In the early 1900s, John Storrs, a Chicago sculptor and painter who grew up among the worlds first skyscrapers, traveled to Europe to study, and there fell in with the continents avant-garde, befriending Marcel Duchamp and Ezra Pound. By the 1910s, he was making sculptures that, he said, like architecture, spurred growth toward the sun and sky, and eerily prefigured art deco. Forms in Space, a sort of model skyscraper from 1927, looks in retrospect like an anticipation of the Empire State Building or the Rockefeller Center, which were built a few years later. Storrs spent WWII in France; his daughter joined the Resistance, and he suffered a grueling stint in Nazi prison. He resides now in the pantheon of American futurists, and the Norton exhibition of his works is the first in 20 years.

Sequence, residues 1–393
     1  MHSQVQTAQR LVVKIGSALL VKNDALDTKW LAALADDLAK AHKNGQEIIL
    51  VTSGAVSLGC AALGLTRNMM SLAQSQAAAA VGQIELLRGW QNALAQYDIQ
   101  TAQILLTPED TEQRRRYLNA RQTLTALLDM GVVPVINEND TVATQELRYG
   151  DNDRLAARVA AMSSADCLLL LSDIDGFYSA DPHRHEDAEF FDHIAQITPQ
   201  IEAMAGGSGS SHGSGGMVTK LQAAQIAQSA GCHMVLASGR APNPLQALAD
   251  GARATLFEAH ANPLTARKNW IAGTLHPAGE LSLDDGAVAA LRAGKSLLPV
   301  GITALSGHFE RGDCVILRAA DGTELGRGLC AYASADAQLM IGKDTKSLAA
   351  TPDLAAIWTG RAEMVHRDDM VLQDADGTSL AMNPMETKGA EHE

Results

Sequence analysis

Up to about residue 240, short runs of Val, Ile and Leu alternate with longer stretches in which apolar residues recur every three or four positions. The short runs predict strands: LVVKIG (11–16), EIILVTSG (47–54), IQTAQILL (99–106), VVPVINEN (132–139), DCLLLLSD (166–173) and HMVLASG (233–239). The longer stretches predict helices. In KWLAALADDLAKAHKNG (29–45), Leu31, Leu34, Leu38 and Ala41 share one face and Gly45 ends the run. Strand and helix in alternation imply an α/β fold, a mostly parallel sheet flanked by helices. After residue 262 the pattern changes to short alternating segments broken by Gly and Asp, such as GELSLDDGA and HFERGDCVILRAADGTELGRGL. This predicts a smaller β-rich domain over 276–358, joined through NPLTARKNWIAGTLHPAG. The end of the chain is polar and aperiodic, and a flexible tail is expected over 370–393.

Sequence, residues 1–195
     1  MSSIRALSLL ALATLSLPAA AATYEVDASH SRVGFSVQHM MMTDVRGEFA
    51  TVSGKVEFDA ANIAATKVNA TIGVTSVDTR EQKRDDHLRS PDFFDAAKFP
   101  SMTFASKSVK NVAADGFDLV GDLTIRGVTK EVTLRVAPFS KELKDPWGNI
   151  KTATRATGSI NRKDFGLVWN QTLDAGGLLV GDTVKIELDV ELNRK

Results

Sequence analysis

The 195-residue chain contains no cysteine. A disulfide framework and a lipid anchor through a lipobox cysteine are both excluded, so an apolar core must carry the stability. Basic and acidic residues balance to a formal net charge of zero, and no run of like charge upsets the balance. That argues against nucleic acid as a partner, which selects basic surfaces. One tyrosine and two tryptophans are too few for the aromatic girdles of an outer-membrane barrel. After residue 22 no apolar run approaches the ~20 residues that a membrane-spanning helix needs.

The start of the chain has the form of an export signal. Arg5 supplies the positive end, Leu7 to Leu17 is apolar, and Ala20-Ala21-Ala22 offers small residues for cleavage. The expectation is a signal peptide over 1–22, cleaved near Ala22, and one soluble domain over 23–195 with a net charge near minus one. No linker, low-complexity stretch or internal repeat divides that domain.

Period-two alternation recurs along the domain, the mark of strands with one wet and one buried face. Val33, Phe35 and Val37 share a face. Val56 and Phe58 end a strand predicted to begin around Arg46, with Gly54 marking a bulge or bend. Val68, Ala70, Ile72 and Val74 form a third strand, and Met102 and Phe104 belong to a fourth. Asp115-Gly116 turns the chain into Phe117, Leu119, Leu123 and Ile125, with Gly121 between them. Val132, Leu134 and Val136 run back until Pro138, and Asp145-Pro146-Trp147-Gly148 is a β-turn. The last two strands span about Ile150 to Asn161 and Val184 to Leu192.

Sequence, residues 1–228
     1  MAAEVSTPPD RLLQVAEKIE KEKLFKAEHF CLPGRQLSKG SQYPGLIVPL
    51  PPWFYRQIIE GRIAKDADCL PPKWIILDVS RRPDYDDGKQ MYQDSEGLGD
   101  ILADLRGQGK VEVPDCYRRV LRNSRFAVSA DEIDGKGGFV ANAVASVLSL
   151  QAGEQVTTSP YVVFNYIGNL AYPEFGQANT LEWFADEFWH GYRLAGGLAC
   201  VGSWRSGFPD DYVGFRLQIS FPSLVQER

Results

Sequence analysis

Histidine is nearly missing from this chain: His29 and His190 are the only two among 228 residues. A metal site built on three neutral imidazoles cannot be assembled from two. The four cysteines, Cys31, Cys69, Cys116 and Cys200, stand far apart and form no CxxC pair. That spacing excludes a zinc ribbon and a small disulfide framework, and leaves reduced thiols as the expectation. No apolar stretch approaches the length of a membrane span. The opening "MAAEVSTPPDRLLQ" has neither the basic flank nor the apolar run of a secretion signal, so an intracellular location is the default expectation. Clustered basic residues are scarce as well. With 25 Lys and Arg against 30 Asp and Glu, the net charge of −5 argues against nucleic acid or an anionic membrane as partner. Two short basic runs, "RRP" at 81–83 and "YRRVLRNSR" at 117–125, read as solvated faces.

Tuesdays-Sundays. Starts: Nov. 18. Continues through Jan. 2, 2010